The United States’ Central Intelligence Agency (CIA) is well known for its desire to spy on, track, and contact mass surveillance in order to store information on every single human being possible. And now, thanks to a Freedom of Information Act request, it’s known that they created a robot dragonfly to spy on us.
Newly-released CIA documents show how the espionage agency developed a robot dragonfly spy. The tiny aerial surveillance device – known as the “insectothopter” – was built in the 1970s according to the CIA Museum, where it has been displayed for 16 years.
But blueprints for the robotic insect were released this week by the U.S. spy agency to the website The Black Vault. Those blueprints reveal the finely honed microengineering behind the little spy machine.
They show how CIA engineers had built miniature listening devices by 1970, but getting them over obstacles such as an embassy wall remained a major obstacle. Many know that the U.S. government, under the Patriot Act, began to spy relentlessly on our every move and store all of the information that they could on us.
When it was first revealed that the Bush Administration had implemented a secret program of warrantless wiretaps and domestic spying on US citizens, few Americans knew that all of this had happened before. In the early 1970s, it was revealed that US government agencies, including the FBI, CIA, NSA, and IRS, were being used as part of a deliberate plan to infiltrate and disrupt political opponents, and this plan had continued for 20 years under four different Presidents, both Democratic and Republican. This report by the Senate Select Committee (the Church Committee) details the elaborate efforts by the FBI, CIA, and NSA to spy on Americans by tapping their telephones, by intercepting and copying their mail, and even by burglarizing their homes (known as “black bag jobs”). In response to this report, Congress established the FISA courts that Bush bypassed when he directed the NSA to once again spy on Americans without court approval or oversight.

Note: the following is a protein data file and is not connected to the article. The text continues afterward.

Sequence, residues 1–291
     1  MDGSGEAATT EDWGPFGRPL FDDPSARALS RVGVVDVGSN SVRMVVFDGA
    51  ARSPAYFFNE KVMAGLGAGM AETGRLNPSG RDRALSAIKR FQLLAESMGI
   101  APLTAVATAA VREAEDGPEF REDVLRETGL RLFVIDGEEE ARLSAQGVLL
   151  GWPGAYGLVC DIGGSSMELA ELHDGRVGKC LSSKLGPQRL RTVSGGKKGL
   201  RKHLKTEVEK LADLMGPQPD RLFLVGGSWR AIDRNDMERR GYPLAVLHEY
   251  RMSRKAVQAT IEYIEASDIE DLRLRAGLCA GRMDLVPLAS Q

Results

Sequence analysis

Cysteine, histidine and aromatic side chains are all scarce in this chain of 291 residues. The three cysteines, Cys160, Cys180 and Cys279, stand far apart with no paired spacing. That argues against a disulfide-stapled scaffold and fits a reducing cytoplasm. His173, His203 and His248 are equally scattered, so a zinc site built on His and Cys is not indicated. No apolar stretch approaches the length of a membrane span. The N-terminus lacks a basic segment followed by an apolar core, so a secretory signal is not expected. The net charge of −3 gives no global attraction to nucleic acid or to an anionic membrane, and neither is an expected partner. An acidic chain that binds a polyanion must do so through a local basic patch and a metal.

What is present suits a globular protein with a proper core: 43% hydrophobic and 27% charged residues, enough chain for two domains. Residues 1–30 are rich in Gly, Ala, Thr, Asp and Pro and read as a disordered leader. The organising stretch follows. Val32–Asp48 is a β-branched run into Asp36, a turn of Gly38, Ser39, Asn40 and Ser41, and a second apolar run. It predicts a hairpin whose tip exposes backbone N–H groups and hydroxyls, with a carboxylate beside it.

“The ultimate demonstration of controlled powered flight has not yet been achieved,” the CIA chief scientist, who helped develop the robotic dragonfly wrote.
In the end, the robot dragonfly – developed 40 years before unmanned drones – never flew and the spy agency closed the project, but they didn’t stop their quest to find new ways to conduct mass surveillance.